Name: Frost Blade Length: 4 1/2" OAL Length: 10" Blade Material: 360 layers of 1080/5160 formed in ladder pattern design Handle Material: Blue dyed and stabilized giraffe bone Fittings: Stainless steel guard and pins
Currently posing as my favorite knife of all time. I'll be throwing this knife to the wolves at the Arkansas Knife show in a few weeks, for the Best Giraffe Bone knife of the show. Doubt it will win, since it's all artsy and stuff. ;_;
If it does win then professional pictures of the knife with the award will be taken. If it doesn't win and I don't sell this very expensive piece, then I may have it sent off for pictures anyway. All of that is up in the air at the moment though. Even though this is one of the best knives I've ever created, I have two more in the works that have a good chance of surpassing this one by a mile or two. Different angles ->
And finally the price she is at is $300.
I know and that's not even monopoly money I'm talking about. >.<
I was just bored and had some time to kill. So I decided to butcher her up and put it with a different background.
The knife gave me some trouble. It was seriously an emotional roller coaster because one hour it would look amazing and then the next it would look like crap. I blame it on terrorist, but you know.
The carving of the handle wasn't so bad. It was actually more enjoyable than finishing the blade. The new acid I've been using isn't the same concentration as what I'm use to, so I'm probably going to go back to the one I was using before.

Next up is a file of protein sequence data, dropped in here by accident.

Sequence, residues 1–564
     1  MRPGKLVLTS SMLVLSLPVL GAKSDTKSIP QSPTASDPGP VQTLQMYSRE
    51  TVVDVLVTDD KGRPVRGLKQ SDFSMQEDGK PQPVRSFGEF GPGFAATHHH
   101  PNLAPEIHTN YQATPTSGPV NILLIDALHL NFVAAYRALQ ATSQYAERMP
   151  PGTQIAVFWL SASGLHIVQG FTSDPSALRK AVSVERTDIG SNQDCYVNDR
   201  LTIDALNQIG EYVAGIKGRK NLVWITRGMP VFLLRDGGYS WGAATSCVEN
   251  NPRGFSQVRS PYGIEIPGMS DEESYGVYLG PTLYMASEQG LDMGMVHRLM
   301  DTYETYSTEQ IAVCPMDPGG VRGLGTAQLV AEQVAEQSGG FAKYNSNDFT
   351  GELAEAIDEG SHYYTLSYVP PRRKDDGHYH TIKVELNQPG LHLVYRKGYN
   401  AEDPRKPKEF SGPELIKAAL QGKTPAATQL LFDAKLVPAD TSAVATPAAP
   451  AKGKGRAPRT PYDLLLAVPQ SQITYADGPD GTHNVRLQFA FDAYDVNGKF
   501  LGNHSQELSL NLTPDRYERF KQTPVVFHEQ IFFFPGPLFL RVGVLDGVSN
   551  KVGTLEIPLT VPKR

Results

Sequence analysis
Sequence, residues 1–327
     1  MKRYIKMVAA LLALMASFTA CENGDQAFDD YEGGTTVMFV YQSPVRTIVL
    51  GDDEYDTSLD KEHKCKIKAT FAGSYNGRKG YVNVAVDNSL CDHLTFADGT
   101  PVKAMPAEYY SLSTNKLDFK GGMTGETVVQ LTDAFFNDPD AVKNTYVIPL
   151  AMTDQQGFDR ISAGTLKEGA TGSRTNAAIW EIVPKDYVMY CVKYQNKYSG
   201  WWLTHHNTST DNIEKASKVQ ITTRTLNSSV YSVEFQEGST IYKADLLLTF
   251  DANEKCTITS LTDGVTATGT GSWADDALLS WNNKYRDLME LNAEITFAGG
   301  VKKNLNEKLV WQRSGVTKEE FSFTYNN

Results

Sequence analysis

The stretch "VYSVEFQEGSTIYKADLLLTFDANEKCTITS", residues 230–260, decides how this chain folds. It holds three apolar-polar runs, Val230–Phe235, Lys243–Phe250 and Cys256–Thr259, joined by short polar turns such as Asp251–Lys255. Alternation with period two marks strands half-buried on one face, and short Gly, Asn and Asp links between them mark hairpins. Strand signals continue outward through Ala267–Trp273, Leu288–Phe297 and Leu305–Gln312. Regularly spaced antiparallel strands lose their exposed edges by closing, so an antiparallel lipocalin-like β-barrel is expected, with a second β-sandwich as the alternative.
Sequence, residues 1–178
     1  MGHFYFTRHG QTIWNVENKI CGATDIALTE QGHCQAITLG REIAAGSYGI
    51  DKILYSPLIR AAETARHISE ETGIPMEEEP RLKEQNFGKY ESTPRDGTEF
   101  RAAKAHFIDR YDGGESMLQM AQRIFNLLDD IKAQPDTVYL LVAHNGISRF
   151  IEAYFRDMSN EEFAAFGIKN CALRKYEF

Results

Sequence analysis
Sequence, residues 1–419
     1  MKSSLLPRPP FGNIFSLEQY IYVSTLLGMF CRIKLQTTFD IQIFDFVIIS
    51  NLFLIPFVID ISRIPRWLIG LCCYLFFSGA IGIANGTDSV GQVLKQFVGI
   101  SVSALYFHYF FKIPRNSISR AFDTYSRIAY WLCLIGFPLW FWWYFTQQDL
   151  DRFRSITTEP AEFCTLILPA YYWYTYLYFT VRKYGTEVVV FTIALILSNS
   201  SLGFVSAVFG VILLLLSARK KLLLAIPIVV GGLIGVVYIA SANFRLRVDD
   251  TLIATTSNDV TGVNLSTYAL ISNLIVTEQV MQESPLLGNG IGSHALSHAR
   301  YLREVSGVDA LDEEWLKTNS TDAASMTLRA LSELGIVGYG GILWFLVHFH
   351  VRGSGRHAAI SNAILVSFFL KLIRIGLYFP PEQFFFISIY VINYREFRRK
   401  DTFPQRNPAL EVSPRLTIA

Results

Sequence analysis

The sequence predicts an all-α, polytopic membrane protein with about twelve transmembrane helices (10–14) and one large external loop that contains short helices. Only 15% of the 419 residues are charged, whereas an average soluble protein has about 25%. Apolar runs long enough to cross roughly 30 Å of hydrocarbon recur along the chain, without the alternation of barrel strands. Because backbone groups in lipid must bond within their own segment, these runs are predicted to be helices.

In retrospect the knife didn't turn out horrible, but it certainly didn't come out as good as I had wanted. Given my time frame I won't be able to make the one I designed for the AKA show. So I'm stuck with this one. It is the worst of the ones that I am taking, but its a lot better than most of what I had last year.
Luckily, my next few are super awesome, so I'm not really let down by this one. I knew when I started that there was no way I would have a chance in the Fighter contest of the AKA show, so I was really doing it for practice and fun.
I'm super excited for my Frost knife to be finished.
Part of my damascus rose knife that is similar to: only this one is even better. A lot better actually.
However, I'm not going to show the whole knife yet. Not until I have the stand finished. I did want to send photos of the finished product to the client. I really liked this picture so I figured I'd put it on here before I do all the other pictures of it with the blade and everything.